Naga Peace Talks Between NSCN-IM And Government Remains Inconclusive

NSCN (I-M)’s demand for a separate flag and constitution has not been accepted by the Government.

Representatives of the Centre and the National Socialist Council of Nagaland (Isak-Muivah), the signatories of the framework agreement signed in 2015 to help facilitate a Naga peace deal conducted a crucial meeting in New Delhi on October 24.

The meeting was held to resolve the recent stand-off between the two negotiating parties over the issue of a separate flag and constitution for the Naga people, as part of a peace deal. 

However, the crucial talks between the Central government and the NSCN-IM remained inconclusive on Thursday and is now expected to continue beyond 31 October, the date which was fixed by the Bharatiya Janata Party (BJP)-led government as the date for resolving the six-decade-old dispute.

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A senior leader of the NSCN-IM, who was not part of the negotiations on Thursday but privy to it, said that both sides have agreed that more consultations were required, particularly with different stake-holders including the people.

“The peace process will continue. The twin issues of separate flag and statute were raised but it remained inconclusive. These were neither accepted nor rejected,” the NSCN-IM leader said.
| Image credit – The Hindu

The ongoing talks between the NSCN-IM and the Central government had hit a roadblock recently with the Naga group demanding a separate flag and Constitution as only “honourable solution” to the issue.

National Socialist Council of Nagalim (NSCN-IM)’s army chief Anthony Shimray confirmed that the Naga peace talks will continue beyond October 31. 

“That (deadline of October 31) will be extended after today’s (Thursday’s) talks. It will be extended and there will be further consultations,” he told this newspaper. “…The peace process will continue. It was not spelt out (during Thursday’s talks) but it is in that way,” Shimray said.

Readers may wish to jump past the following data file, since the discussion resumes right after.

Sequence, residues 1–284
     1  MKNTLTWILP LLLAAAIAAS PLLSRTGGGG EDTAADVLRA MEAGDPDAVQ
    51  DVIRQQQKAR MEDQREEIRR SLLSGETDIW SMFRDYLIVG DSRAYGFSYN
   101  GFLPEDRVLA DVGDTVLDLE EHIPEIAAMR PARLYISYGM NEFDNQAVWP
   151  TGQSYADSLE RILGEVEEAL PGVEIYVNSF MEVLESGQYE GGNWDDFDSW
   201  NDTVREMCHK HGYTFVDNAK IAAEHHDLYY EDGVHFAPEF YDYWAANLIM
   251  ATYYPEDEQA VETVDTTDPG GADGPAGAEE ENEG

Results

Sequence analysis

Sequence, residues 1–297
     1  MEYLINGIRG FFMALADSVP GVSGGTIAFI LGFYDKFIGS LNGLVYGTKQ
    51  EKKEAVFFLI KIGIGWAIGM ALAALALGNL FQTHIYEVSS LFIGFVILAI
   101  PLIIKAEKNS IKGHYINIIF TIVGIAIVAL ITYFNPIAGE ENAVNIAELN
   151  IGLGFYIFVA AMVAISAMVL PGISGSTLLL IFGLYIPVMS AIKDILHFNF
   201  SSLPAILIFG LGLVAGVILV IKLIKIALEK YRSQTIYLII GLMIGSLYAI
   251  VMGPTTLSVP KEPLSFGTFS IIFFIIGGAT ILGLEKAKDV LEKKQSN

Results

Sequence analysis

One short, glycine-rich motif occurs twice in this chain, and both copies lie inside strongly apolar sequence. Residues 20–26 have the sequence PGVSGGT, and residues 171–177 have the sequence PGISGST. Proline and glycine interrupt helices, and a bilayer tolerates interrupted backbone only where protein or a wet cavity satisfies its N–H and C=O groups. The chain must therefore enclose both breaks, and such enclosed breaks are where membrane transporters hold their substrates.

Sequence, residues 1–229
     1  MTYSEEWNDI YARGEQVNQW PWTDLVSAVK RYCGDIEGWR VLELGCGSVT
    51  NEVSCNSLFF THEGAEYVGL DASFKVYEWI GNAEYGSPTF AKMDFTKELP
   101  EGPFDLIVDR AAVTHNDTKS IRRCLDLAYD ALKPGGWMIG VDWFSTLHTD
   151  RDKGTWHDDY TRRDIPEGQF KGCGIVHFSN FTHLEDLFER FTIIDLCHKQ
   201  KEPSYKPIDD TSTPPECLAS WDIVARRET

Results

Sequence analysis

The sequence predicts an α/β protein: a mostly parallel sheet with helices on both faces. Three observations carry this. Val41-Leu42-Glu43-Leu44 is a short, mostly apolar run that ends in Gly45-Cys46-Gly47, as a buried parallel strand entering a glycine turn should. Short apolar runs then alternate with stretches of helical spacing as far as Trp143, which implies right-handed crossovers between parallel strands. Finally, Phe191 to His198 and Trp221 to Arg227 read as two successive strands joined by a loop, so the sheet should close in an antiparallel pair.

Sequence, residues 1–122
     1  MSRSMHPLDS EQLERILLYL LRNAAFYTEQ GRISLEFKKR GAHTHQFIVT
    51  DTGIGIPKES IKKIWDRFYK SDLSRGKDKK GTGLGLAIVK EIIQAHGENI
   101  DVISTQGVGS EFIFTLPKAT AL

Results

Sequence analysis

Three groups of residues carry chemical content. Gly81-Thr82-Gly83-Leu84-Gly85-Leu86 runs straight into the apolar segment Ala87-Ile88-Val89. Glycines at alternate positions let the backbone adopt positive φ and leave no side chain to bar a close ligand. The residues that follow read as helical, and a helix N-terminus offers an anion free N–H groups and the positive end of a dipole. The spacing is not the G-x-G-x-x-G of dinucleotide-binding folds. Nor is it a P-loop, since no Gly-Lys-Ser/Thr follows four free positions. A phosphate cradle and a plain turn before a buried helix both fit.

The NSCN-IM has been demanding on having a separate flag and constitution while the Centre is opposing it. 

“The peace process will continue. The twin issues of separate flag and statute were raised but it remained inconclusive. These were neither accepted nor rejected,” the NSCN-IM leader said.

“Nagas will not compromise on the two issues. Since the Government of India has recognised the uniqueness of Naga history and its political situation, Indians and Nagas will co-exist as two separate entities based on the principle of shared sovereignty. It is there in the Framework Agreement (signed on 3 August 2015),” the NSCN-IM leader further asserted.

The NSCN-IM leader also said it was more or less agreed that both sides needed to discuss further and consult people, including different stakeholders. He added that the interlocutor in Naga talks, RN Ravi (Governor), would return to Nagaland, after discussing with senior leaders and the NSCN-IM would do the same thing.

The framework agreement remains, however, an undisclosed and secret document. The Ministry of Home Affairs, in 2017, had refused to share the details of the agreement in reply to an RTI filed by Venkatesh Nayak of the Commonwealth Human Rights Initiative in New Delhi citing “confidentiality in public interest”. The government’s decision was later upheld by the Central Information Commission.

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